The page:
Graphene transistors functioning at room temperature require working at the size scale of less than 10 nanometres. This means that the graphene nanostructures have to be only a few tens of atoms in width. These transistors will need atomically precise electrical contacts. A team of researchers have now demonstrated experimentally how this can be done.
In their article the scientists address the problem by demonstrating how a single chemical bond can be used to make an electrical contact to a graphene nanoribbon.
"We cannot use alligator clips on the atomic scale. Using well-defined chemical bonds is the way forward for graphene nanostructures to realise their potential in future electronics," says Professor Peter Liljeroth who heads the Atomic Scale Physics group at Aalto University.
The team used atomic force microscopy (AFM) and scanning tunnelling microscopy (STM) to map the structure of the graphene nanoribbons with atomic resolution. The researchers used voltage pulses from the tip of the scanning tunnelling microscope to form single bonds to the graphene nanoribbons – precisely at a specific atomic location. The pulse removes a single hydrogen atom from the end of a graphene nanoribbon and this initiates the bond formation.
"Combined AFM and STM allows us to characterise the graphene nanostructures atom-by-atom, which is critical in understanding how the structure, the bonds with the contacts and their electrical properties are related," explains Dr Ingmar Swart who leads the team concentrating on STM and AFM measurements at Utrecht University.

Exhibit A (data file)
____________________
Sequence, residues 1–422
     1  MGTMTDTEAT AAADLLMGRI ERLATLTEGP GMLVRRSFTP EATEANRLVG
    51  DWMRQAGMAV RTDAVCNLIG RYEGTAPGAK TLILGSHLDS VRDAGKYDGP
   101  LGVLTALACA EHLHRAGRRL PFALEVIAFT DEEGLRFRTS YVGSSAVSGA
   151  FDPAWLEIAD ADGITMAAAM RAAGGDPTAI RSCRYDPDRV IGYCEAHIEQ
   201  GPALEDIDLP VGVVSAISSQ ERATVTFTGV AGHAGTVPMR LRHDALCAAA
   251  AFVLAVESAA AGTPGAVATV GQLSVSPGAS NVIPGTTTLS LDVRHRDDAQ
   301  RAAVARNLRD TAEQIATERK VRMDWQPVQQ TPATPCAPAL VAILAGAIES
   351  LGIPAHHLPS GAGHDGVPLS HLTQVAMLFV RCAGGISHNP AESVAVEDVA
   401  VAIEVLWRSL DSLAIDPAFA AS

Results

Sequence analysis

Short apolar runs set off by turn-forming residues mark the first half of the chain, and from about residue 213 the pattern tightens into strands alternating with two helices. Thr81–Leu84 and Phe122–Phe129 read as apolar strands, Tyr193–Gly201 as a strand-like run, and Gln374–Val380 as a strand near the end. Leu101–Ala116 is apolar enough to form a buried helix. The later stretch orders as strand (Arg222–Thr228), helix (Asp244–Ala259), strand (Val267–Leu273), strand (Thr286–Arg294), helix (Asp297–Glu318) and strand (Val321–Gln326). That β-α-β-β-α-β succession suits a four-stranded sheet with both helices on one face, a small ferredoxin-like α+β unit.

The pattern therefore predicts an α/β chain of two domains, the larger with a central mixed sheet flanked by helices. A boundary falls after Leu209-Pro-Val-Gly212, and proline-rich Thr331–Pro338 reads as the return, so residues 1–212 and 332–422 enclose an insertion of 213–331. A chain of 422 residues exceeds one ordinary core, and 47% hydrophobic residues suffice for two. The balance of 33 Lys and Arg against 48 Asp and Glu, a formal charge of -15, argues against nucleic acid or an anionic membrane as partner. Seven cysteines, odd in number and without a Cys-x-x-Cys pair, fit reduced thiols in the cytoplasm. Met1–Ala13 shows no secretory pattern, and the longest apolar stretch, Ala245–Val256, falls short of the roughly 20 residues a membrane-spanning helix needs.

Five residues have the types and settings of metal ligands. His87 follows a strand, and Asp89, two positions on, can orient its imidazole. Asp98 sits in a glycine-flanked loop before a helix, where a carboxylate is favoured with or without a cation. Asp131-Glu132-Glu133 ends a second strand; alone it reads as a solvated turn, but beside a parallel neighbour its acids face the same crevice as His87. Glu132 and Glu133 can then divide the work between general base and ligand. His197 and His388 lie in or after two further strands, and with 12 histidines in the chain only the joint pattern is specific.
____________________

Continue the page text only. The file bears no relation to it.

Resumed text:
Combining the microscopy experiments with theoretical modelling, the team developed a detailed picture of the contacted nanoribbon properties. The most significant discovery is that a single chemical bond forms an electronically transparent contact with the graphene nanoribbon – without affecting its overall electronic structure. This may be the key to using graphene nanostructures in future electronic devices, as the contact does not change the intrinsic ribbon properties.
"These experiments on atomically well-defined structures allow us to quantitatively compare theory and experiment. This is a great opportunity to test novel theoretical ideas," concludes Dr Ari Harju, leader of the theoretical team in the project at Aalto University.
The study was performed at Aalto University Department of Applied Physics and at the Debye Institute in Utrecht University. The groups at Aalto are part of the Academy of Finland’s Centres of Excellence in “Low Temperature Quantum Phenomena and Devices” and “Computational Nanosciences”. Academy of Finland and the European Research Council ERC funded the research.